President’s Letter: One Another
Jim Dunn, President
Even in a season of isolation, we are not alone.
Nine months into my new role serving Oklahoma Wesleyan University as president, I found myself staring at a screen for hours on end, hundreds of thoughts demanding my attention. The world had literally shut down due to the threats of the global pandemic. I wondered when I would be able to laugh and pray with students and colleagues again. I was losing my ability to think big because of the decisions that had to be made in the midst of uncertainty.
It was a time when I felt all alone. With God as my helper in all things, I wasn’t.
Did you know that the most common two-word phrase in the New Testament English Bible is “one another?” It’s used 100 times in 94 New Testament passages. These passages give instructions to followers of Jesus or deal with church members getting along. They instruct Christians to love, commanding an attitude of humility and deference among believers.
One another. It’s two words in English, but only one in Greek. The transliteration of the word from Greek to English (ah-LAY-loan) almost sounds like “All Alone.”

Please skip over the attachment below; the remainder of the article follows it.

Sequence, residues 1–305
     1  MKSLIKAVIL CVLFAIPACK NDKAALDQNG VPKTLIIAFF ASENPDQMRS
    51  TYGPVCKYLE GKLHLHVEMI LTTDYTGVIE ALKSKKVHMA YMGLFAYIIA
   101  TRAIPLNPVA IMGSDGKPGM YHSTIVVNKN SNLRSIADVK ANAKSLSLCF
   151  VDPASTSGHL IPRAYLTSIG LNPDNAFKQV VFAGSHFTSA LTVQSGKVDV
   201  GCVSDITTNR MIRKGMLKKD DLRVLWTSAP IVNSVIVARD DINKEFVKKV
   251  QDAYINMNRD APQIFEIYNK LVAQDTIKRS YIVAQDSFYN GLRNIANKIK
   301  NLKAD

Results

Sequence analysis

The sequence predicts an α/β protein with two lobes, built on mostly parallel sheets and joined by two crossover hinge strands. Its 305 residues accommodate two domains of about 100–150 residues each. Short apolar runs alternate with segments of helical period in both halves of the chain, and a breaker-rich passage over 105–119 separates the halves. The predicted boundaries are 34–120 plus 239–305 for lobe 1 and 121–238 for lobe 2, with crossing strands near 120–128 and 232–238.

Here, then, is that biblical truth I mentioned:
God never intended us to be alone. We are not all alone. Thank the Lord that the presence of His Holy Spirit is with us always!
We were made to be in relationship with God and others. To be loved by Christ is constant in prevenient grace, as well as when we repent of sin and accept Him into our lives. We need that love.
We need others to humbly invoke the presence of the Holy Spirit in prayer. There are times, whether we admit it or not, when we simply need another’s help, and when others need ours. Our lives are richer because of these relationships.
We need one another for instruction. We mature as we are able to process the events of life with others who are often older and wiser.
We need one another to be held accountable—biblically, personally, and corporately. In this current day of abundant opinions, words, and division, we need each other to point us to God’s truth. Biblically, we need to see others first and foremost as image bearers of God Almighty. We need the Holy Spirit, as well as one another, to speak the truth in love to us when we err or sin. We need others to warn us when we are disobedient to God’s truth. The world needs Christians to stop talking about people and start talking to them, offering the hope and holiness of Jesus Christ in every conversation.
Living it Out
None of this is easy. Striving to live out the numerous “one another” commands in the New Testament prompts some reflective questions. Am I obeying the commands of biblical truth in every relationship—with God, family, neighbors, people who do not believe the same as me, or in my social media posts? In my interactions both inside and outside the church?
This year, that’s what we at OKWU are striving for—to model love, unity, respect, truth, righteousness, and biblical accountability on campus and in our worldwide OKWU family.
May we again steward well the privilege of going through life with Jesus Christ and with one another.